As you grow older, you may start to think about your estate plan a lot more than you used to. And as you move closer to retirement age, you probably give more thought to your 401(k) plan established through your employer or those you have collected over the years. After all, your long-term plan may likely include the intention of retiring and ultimately using your 401(k) savings for said retirement.
Jump ahead to these sections:
- Beneficiaries and 401(k)s Explained
- What Happens to Your 401(k) If You Die Before You Retire?
- What Happens to Your 401(k) If You Die After You Retire?
However, what you may not have considered very closely is what happens to your 401(k) plan when you die either before or after retirement. If you haven’t considered this — especially since January 1, 2020, when the federal law governing the payout of retirement plan benefits changed — then you ought to consider it now.
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Beneficiaries and 401(k)s Explained
The federal law governing 401(k) retirement plans is designed to encourage people to use their retirement savings for retirement when they are likely to need financial savings the most.
Under a traditional 401(k) plan, you may not make penalty-free withdrawals from your plan until you are age 59 and a half. You do not have to take withdrawals at that time, but you can. You must begin withdrawing funds from your 401(k) every year by the time you reach age 72. This is referred to as your required minimum distribution (RMD).
When you pass away, either before or after retirement, the funds in your 401(k) account will be transferred to whomever you name as the beneficiary of your plan benefits.
When you participate in a 401(k) retirement plan, you should name a beneficiary to receive your benefits when you die. If you are married, federal law requires that your spouse receive the benefits under your plan. However, if you are single, the beneficiary you name in your plan will inherit your benefits upon your death.
If you die and have not named a beneficiary for your plan benefits, or if the beneficiary you named has predeceased you and you have not named an alternate beneficiary, then the benefits under your plan will pass to your estate and will be probated with the rest of your property. Your benefits will either pass to your heirs (if you do not have a will) or they will pass to the beneficiary designated in your will to receive those benefits.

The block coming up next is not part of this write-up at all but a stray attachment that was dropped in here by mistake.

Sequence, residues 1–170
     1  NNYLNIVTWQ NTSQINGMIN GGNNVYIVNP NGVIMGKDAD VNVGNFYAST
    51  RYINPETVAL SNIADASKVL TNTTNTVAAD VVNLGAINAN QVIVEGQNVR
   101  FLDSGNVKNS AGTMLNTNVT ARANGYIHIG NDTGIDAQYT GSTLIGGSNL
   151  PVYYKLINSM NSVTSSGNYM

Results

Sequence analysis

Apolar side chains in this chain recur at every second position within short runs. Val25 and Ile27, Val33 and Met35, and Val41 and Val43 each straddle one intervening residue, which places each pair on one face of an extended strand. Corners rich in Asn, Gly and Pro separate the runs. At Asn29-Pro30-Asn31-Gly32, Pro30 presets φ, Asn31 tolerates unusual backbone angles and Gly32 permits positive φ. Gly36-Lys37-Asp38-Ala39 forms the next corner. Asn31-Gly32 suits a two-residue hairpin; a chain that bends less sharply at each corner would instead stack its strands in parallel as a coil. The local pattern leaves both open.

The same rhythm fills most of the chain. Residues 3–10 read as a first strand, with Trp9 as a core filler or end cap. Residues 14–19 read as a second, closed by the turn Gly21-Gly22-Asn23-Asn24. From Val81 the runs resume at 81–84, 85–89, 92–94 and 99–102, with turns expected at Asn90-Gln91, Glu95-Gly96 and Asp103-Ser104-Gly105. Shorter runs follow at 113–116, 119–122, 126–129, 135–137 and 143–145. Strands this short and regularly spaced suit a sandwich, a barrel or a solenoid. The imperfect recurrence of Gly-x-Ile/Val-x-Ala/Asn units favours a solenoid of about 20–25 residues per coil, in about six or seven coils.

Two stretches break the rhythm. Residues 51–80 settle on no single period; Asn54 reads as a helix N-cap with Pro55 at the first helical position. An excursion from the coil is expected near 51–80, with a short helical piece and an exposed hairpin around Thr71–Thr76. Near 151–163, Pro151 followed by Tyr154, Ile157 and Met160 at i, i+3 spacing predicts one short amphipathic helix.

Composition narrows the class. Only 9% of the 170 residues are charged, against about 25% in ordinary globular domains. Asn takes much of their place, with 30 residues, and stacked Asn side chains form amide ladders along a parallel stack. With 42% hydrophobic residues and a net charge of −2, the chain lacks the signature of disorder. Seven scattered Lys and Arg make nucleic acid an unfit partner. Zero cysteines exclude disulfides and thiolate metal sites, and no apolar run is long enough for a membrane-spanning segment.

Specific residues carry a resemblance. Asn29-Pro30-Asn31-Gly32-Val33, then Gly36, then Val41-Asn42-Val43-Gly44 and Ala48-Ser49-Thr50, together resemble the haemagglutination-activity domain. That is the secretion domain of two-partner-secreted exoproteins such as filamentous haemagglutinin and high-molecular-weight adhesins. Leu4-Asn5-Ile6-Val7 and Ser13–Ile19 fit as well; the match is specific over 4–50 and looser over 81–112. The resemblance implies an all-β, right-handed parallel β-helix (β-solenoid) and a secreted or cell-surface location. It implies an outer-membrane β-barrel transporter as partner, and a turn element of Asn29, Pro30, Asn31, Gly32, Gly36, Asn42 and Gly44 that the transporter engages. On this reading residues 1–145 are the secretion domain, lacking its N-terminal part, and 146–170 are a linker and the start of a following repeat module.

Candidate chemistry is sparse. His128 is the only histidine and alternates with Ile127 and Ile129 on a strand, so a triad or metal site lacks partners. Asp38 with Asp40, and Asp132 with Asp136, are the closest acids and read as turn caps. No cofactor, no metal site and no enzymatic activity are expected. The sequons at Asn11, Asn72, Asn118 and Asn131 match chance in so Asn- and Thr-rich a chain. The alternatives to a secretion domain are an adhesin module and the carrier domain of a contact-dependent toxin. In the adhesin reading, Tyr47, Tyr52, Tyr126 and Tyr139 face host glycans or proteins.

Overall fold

Tax consequences for beneficiaries
One of the advantages of a 401(k) retirement plan is that taxes on the money invested in the plan are deferred. This means that as long as the funds are invested and remain in the plan, you will delay your obligation to pay taxes on that income until after you retire and start withdrawing money from the plan.
Likewise, if you die and you have named a beneficiary of your plan benefits, your beneficiary will enjoy deferred taxes on that income until they begin withdrawing funds from the plan. If your spouse is the beneficiary of your plan, your spouse may roll-over the benefits into their own retirement savings plan and continue enjoying the tax-deferred status of that income.
Because you or your beneficiary will be taxed on the amount of income you withdraw from the plan each year, the amount you withdraw will affect your tax bracket and the amount of tax you have to pay on that income. So it is to your advantage to minimize the amount of income you withdraw every year so as to stretch out the tax-deferred benefits of your plan for as many years as possible.
This is why it makes financial sense to name a beneficiary who was young and had a long life expectancy. Their annual required minimum distributions (RMDs) would be lower and their tax-deferred savings would last longer.
However, these tax advantages were affected by the mandates of the Setting Every Community Up for Retirement Enhancement (SECURE) Act, which took effect on January 1, 2020. Now, your beneficiary is required to withdraw all of the funds in the plan within 10 years of your death.